Today, we’re really excited to introduce you to Marybeth Boller, an amazing female chef in Japan!
First of all, thank you for your time Marybeth! Can you please introduce yourself and give us a little background?
Born and raised in NYC. My culinary career began with Jean George Vongeritchen. I worked full time for him and attended the night program at the International Culinary Center. I then went on to work at the Auberge de L’Ill in Alsace, the Hotel Martinez in Cannes and Le Gavroche in London.
Back to NYC for a mix of both catering and restaurants. I opened up JG (Jean George) in NYC as his sous chef and also was the chef of the largest catering company in NY, executive chef of Bergdorf Goodman and owned my own catering business based in Greenwich, CT.
What made you come to Japan? And where are you currently working?
Ambassador Caroline Kennedy asked me to relocate. She has been a client for 20 years. I moved to Tokyo and jumped into the position of Exec Chef and Event Planner at the US Embassy in Tokyo.
Since leaving the embassy I have been involved in a variety of projects. Consulting for ANA Airlines, Mitsui Fudosan, Jetro, Tokyo American Club, Foreign Correspondents’ Club, several local restaurants and a project working with local producers on Awaji. (I lived on the island for 4 months)
I had the pleasure to meet you at the SAGA COLLECTIVE event in Tokyo and I can confirm that your food is delicious! Can you please let us know about your experience as a female chef? According to your experience, do you think it’s different here in Japan than in other countries?
Thank you for your kind words! It was an awesome project. I had just returned from a week in Saga touring with top buyers from Neiman Marcus. They are planning to have a Japan Fair in the future, in 43 of their stores across the US.
I think being a chef is a tough job if you are male or female. If you are not passionate about it, find something else to do.
It was very difficult in my early years. Most of the 3 star Michelin restaurants where I worked had very few female cooks/chefs. There are more opportunities now for sure and more areas in the culinary world overall.
Here in Japan, it seems like a male dominated field. Rather behind the times, I would have to say. Japan is not an easy place to cook professionally as a foreigner AND a woman. But I love the ability to learn every day. I feel like it’s a never ending adventure cooking in Japan!
If you have to choose only one, what is your favorite Japanese food? And do you miss food from your hometown?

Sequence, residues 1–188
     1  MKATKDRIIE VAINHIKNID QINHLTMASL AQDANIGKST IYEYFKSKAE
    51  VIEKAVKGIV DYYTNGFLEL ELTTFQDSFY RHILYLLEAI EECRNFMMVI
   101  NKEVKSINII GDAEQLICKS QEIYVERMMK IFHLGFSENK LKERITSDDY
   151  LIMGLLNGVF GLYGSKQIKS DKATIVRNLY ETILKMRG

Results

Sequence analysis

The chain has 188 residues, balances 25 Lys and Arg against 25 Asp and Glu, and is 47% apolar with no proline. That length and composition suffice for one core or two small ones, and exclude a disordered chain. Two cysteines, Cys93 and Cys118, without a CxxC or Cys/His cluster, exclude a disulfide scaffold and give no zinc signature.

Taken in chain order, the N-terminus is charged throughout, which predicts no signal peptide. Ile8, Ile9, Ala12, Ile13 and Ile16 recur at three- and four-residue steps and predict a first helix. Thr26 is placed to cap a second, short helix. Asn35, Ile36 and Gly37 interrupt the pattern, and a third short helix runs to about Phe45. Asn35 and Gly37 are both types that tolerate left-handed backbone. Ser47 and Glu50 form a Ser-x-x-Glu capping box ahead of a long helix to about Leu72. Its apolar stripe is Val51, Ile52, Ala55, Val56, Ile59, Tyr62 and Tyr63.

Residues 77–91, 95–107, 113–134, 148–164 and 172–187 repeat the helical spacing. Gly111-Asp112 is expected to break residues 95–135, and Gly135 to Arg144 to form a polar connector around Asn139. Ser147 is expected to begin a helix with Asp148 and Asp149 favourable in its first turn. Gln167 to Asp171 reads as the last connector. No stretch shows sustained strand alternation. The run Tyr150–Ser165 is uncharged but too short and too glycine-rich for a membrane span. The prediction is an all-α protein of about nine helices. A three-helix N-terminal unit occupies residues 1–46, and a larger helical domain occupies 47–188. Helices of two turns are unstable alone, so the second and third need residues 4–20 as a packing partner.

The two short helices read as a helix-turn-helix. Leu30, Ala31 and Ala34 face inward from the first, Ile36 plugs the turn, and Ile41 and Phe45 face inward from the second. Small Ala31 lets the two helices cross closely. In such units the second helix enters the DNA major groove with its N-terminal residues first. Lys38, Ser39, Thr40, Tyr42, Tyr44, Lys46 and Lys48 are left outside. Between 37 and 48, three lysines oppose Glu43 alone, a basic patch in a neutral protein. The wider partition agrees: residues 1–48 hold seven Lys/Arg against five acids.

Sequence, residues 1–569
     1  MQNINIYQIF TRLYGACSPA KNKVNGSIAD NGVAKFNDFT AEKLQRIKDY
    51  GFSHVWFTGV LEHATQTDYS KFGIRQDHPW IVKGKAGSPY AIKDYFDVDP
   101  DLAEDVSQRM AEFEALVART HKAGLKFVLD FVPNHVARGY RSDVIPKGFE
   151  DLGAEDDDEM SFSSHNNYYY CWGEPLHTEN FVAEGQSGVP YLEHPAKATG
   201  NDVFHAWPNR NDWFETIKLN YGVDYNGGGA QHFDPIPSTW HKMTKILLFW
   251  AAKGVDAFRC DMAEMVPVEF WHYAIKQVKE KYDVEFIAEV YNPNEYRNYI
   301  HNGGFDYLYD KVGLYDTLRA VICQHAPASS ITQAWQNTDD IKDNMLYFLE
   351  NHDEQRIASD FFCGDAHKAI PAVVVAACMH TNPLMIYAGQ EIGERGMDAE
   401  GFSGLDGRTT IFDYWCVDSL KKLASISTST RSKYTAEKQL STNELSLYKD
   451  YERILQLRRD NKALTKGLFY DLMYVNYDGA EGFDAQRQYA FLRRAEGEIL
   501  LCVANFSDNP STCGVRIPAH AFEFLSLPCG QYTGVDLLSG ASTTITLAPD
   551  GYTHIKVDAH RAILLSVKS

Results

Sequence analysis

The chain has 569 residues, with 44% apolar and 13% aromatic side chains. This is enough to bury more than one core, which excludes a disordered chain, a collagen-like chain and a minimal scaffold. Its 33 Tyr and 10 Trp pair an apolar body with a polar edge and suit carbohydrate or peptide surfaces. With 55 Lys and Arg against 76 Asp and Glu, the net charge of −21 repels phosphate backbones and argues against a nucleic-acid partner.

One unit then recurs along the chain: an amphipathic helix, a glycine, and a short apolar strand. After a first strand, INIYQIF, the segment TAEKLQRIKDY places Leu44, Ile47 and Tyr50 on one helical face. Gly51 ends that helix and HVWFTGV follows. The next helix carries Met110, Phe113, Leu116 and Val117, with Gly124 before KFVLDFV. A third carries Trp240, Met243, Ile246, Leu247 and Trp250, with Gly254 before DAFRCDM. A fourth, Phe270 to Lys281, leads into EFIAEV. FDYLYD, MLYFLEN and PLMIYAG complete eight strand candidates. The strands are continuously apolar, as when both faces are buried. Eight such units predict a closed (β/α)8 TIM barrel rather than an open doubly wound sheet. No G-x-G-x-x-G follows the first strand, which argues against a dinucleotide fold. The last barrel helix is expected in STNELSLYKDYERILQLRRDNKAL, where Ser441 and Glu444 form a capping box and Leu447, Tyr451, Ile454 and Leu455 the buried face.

I don’t really have one food. So many food loves here. I gravitate towards local seasonal vegetables and fruits. I work with some great traditional miso and soy producers and incorporate some of these items into my everyday cooking routines.
I miss the farmer’s markets in NYC. Unfortunately, there is nothing really like Union Square Market here in Tokyo. There are a few small markets here. Hopefully that will change in the future.
Times are pretty tough now worldwide due to Covid19 and more and more restaurants here in Japan are now offering takeout and delivery, which is great! We noticed that you just launched NOKASOUL, a Farm-to-Bento Food Delivery Service from Tokyo. Can you please tell us more about this?
I’m launching a subscription meal delivery service, nokasoul.com, working with local farms and Japanese producers to bring great food to clients’ doors.
Menus will focus on what is available weekly through direct contact with local farms.
Three two course meals delivered to clients each week tailored to individual dietary needs. We are starting with weekend plans but will expand into other delivery days soon!
We will also be coordinating with a local California wine vendor and a group carrying amazing US artisan cheese collections. The idea is to provide all of these great items to the clients’ door safely and easily. A service you can trust.
Next step will be “Zoom” online cooking classes. We will deliver the ingredients in advance and everyone can cook together.
During this #stayhome time, why not book your personal consulting call for your future trip to Japan to learn more about local and authentic food, or try one of Arigato Japan’s new online experiences!